Peripheral blood mononuclear cells (PBMC) from Saanen goats experimentally infected with the lentivirus caprine arthritis-encephalitis virus (CAEV) were evaluated by semiquantitative reverse transcriptase PCR for gamma interferon (IFN-gamma), interleukin-4 (IL-4), and IL-2 gene expression following in vitro stimulation with purified CAEV gp135 surface protein (SU). Studies examined three goats with chronic arthritis and four clinically asymptomatic goats at 5 years postinfection. SU-responsive IFN-gamma mRNA-positive cells and IL-4 mRNA-positive cells in PBMC from infected goats reflected differences in lymphokine balance associated with disease status. IFN-gamma mRNA-positive cells were dominant in PBMC from asymptomatic goats, whereas SU-responsive IL-4 mRNA-positive cells were dominant in PBMC from goats with arthritis. IL-2 gene expression was not responsive to SU stimulation of PBMC from either asymptomatic or arthritic goats. Lymphokine mRNA profiles in SU-stimulated PBMC were dependent on the presence of CD4+ T lymphocytes. The results indicate that asymptomatic goats have a dominant population of CAEV SU-reactive T-helper 1 (Th1)-like lymphocytes in PBMC whereas goats with clinical arthritis have a dominant population of SU-reactive Th2-like lymphocytes.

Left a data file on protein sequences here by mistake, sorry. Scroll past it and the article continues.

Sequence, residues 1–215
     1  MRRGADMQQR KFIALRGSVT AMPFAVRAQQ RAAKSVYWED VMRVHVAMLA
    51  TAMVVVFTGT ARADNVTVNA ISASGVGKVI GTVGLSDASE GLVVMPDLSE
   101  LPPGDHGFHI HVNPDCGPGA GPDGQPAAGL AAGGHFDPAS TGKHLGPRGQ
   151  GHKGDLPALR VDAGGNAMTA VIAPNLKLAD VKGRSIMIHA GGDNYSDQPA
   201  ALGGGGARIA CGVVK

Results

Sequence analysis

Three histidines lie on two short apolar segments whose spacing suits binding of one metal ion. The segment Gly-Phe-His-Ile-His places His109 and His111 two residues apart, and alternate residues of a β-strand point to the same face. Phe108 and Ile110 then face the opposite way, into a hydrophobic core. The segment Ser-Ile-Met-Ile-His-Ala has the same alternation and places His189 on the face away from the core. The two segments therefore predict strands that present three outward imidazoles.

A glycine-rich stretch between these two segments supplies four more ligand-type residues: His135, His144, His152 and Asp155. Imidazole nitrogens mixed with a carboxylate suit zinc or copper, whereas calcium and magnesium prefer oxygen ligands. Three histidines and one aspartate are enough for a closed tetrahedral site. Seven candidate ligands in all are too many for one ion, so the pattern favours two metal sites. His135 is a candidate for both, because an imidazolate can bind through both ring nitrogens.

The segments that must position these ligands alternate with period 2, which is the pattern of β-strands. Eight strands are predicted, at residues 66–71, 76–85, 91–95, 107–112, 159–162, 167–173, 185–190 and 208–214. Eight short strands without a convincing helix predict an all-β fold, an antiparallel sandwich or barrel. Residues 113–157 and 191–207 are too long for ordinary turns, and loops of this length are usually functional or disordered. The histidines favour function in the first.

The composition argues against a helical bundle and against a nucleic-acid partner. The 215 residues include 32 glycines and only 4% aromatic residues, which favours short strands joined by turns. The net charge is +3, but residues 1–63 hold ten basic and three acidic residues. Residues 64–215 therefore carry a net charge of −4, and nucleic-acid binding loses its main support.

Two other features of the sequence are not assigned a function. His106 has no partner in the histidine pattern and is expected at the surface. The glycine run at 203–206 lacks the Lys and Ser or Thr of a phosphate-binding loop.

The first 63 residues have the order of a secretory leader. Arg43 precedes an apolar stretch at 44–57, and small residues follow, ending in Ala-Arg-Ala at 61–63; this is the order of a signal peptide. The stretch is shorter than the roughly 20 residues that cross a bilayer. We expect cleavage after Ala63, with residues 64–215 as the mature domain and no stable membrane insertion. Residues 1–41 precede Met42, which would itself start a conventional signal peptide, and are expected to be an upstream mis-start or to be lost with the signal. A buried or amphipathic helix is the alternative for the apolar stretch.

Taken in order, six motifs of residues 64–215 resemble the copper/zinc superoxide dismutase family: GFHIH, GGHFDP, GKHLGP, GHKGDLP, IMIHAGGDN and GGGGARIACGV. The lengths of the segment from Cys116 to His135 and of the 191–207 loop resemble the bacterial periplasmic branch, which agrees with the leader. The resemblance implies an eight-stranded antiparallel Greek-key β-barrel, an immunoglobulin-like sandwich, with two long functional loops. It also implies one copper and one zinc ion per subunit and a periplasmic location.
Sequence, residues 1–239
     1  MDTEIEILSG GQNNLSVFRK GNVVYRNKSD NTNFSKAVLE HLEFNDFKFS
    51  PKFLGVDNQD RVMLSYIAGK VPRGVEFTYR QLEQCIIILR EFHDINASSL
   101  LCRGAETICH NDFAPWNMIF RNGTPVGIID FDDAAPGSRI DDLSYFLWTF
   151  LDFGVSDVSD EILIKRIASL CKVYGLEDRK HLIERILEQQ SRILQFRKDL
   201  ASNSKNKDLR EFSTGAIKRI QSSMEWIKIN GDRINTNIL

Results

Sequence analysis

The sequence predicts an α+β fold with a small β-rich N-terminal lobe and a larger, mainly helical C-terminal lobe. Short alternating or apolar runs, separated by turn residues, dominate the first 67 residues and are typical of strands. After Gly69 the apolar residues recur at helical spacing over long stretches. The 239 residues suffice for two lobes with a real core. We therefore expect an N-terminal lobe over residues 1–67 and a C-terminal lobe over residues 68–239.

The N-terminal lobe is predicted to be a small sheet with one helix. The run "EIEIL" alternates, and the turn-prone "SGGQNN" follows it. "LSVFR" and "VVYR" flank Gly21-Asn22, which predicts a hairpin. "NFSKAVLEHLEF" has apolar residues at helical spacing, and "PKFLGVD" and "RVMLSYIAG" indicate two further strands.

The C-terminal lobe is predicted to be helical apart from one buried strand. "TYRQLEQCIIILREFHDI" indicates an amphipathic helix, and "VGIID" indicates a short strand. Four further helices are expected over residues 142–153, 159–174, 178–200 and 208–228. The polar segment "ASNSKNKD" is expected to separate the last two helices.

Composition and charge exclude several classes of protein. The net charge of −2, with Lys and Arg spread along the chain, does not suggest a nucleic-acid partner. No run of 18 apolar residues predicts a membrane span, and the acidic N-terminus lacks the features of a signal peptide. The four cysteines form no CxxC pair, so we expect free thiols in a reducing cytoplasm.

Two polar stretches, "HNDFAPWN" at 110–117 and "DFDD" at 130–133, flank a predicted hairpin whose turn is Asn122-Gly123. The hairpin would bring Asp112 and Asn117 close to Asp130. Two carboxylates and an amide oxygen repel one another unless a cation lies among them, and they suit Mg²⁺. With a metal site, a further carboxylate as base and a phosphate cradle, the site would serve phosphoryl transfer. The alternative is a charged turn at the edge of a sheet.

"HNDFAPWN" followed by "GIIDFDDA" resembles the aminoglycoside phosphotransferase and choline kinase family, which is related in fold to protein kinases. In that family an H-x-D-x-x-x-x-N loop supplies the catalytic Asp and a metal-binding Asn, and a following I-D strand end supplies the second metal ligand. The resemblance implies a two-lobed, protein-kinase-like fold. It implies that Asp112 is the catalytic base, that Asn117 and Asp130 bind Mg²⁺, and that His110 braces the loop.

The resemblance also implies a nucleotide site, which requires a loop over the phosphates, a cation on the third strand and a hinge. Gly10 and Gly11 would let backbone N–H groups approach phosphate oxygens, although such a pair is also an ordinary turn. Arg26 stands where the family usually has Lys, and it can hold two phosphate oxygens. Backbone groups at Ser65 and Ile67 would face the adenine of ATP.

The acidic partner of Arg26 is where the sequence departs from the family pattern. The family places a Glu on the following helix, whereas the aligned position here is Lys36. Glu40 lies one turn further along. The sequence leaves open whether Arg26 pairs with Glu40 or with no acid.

The National Committee for Clinical Laboratory Standards (NCCLS) methods for susceptibility testing of Haemophilus influenzae in Haemophilus test medium allow a pH range of 7.2 to 7.4. However, it is known that bacteria may appear to be less susceptible to macrolides at lower pHs. Forty-four strains of H. influenzae were tested for their susceptibilities to clarithromycin and azithromycin by the disk diffusion and broth microdilution methods. The isolates appeared to be less susceptible at pH 7.2 than at pH 7.4 by both methods. Clarithromycin was less active at pH 7.2 against 43% of the isolates by the disk diffusion method and against 52% of the isolates by the broth microdilution method. Similarly, azithromycin was less active at pH 7.2 against 41 and 45% of the isolates by the disk diffusion and broth microdilution methods, respectively. Forty-two isolates were classified as clarithromycin susceptible and all isolates were classified as azithromycin susceptible by the disk diffusion method, regardless of the medium pH. However, only 21 isolates were clarithromycin susceptible at pH 7.2 and 34 isolates were susceptible at pH 7.4 by the broth microdilution method, even though quality control results indicated valid testing at both pHs. This study indicated that the results of tests of the susceptibility of H. influenzae with clarithromycin and azithromycin are highly dependent on the pH of the medium. Test results and their interpretations varied even when the medium pH was within the NCCLS-approved range and, coupled with the current NCCLS breakpoint of 8 microg/ml in the case of clarithromycin, may explain some of the observed discordances between the disk diffusion and broth microdilution methods.